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Response icon Preliminary Reports from the Hyogo-ken Nambu Earthquake of January 17, 1995

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Contents

Overview

Summary of the Earthquake

Overview of Structural Damage

Geotechnical Effects

Initial Reconnaissance Efforts

Emergency Response

Social Impacts

Economic Impacts

Selected Bibliography

Contributors

Overview of Structural Damage

By Charles Scawthorn

Kobe is situated to the west of Tokyo on the southern coast
of Honshu Island.

Kobe is the western most part of the greater urban expanse of the Yodogawa Basin centered on Osaka and bordering on Osaka Bay. The entire regional population is in excess of 10 million. Kobe (population 1.5 million) lies on the bay margin and lower slopes of Rokko Mountain, in a 2~4 Kilometer wide densely built-up urban corridor between Osaka and the main routes to southern Honshu. Several smaller cities (Ashiya, Nishinomiya) lie between Kobe and Osaka. The Kobe corridor is the main transportation corridor between central and southern Honshu, with several major highways and four railroads. Kobe is one of the great ports of the world which, in recent years, has seen major development of offshore manmade islands (Port Island, Rokko Island) in the Osaka Bay margins. Heavily damaged areas include most of Kobe, Ashiya and Nishinomiya, particularly in the lower elevations, and Awaji Island.

While the official name of the event is the Hyogoken Nambu earthquake, the disaster is increasingly being referred to in Japan as the Hanshin Daishinsai (Osaka-Kobe Great Earthquake Disaster). This region is not as seismically active as the Tokyo area and some other parts of Japan, but has experienced magnitude 7 or greater events in historical times (e.g., 1596). A 1916 M6.1 event occurred at almost the same epicentral location.

Building Performance

The most recent major revision of the Building Code was in 1981, and design requirements for buildings in this area are similar to those for Tokyo. Approximately 75,000 buildings were reported destroyed by the earthquake.

Wood

The great majority of the destroyed buildings are nonengineered wood frame traditional Japanese buildings, which are typically unbraced or lightly braced one-and two-story post and beam construction with heavy tile roofs. As in past earthquakes, this event resulted in the complete collapse of the first story of these houses and light commercial structures, if not both stories. The 1981 code introduced more stringent seismic requirements, so that newer buildings performed much better. Most recently, U.S. -style stud-wall construction has been entering the Japanese market, although it is not yet a major influence.

Concrete

The sixth floor of the old
Kobe City Hall collapsed.
(Photo courtesy of C.
Scawthorn.)

Well in excess of 100 midrise buildings constructed during the 1960's and 1970's from reinforced concrete were observed to have failed, in many cases catastrophically. Most failures appear to have been shear failures of columns, which were observed to have very light transverse reinforcement. A number of mid-height single story pancake collapses were observed. An example was the 1960's vintage eight-story Kobe City Hall, which sustained a complete collapse of the sixth floor, while the neighboring 1980's vintage 16-story New City Hall was undamaged.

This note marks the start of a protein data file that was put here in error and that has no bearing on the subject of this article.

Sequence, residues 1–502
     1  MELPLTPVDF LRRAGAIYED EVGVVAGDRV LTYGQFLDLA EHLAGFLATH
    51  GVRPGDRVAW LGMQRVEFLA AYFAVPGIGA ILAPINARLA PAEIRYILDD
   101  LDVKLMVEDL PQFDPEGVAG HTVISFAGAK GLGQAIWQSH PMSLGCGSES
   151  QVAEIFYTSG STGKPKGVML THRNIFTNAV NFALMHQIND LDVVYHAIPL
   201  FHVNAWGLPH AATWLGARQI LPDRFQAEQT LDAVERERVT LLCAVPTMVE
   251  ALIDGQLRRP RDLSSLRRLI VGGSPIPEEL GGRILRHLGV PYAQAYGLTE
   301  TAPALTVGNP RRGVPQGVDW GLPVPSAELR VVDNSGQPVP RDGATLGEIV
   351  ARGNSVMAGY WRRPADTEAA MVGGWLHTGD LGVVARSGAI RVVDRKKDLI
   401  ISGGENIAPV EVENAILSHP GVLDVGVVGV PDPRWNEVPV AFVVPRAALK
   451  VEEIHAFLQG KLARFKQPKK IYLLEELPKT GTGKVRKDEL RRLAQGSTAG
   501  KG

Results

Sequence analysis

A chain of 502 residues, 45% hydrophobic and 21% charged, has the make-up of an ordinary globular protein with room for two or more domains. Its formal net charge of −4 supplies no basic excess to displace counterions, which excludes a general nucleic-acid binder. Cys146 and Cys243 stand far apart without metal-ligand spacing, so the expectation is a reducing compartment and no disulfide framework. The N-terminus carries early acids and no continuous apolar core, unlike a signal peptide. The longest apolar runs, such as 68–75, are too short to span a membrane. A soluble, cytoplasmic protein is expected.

Steel

Relatively few steel buildings were observed to have significant damage, with the exception of the 51 building Ashiyahama Seaside Town complex. These buildings, of late 1970's vintage, range in height from about 10 to 29 stories, and are of nonconventional construction. That is, the structure consists of large trussed steel column-beam frames, with typically a two-legged bent per building. A number of 500 mm square steel box columns (50 mm wall thickness) were observed to have totally fractured.

Transportation

A major impact of the earthquake was damage to the transportation system. Kobe is the main transportation corridor between central and southern Honshu. Due to damage to roads and other land transportation, the only land access along this corridor was via city streets, which resulted in major congestion, greatly exacerbating relief efforts. Bypassing by alternative road or rail lines added hours to travel times.

A portion of the Shinkansen (Bullet Train) that collapsed
during the earthquake. (Photo courtesy of C. Scawthorn.)

Highways and Roads

Only two limited access highways exist in the narrow transportation corridor. The Hanshin Expressway is carried on single large hammerhead reinforced concrete piers, many of the concrete sections failing in shear and/or flexure over a 20 kilometer length. Along the harbor shore is the Wangan (Harbor) Expressway, a newly elevated highway generally of steel and crossing a number of navigable waterways on major crossings. Many of the steel girders appear to have jumped from their beam seats and were askew, although few had collapsed.